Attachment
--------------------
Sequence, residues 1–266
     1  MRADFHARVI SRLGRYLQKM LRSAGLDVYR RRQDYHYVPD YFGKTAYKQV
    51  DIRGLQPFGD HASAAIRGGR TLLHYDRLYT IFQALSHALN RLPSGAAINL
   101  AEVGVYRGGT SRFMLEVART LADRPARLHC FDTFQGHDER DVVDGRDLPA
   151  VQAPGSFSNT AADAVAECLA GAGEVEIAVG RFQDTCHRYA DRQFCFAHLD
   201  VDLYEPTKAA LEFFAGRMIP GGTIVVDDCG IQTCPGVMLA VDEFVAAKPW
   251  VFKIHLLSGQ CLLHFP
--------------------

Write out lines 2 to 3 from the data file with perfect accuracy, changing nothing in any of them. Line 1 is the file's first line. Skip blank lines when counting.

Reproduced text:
     1  MRADFHARVI SRLGRYLQKM LRSAGLDVYR RRQDYHYVPD YFGKTAYKQV
    51  DIRGLQPFGD HASAAIRGGR TLLHYDRLYT IFQALSHALN RLPSGAAINL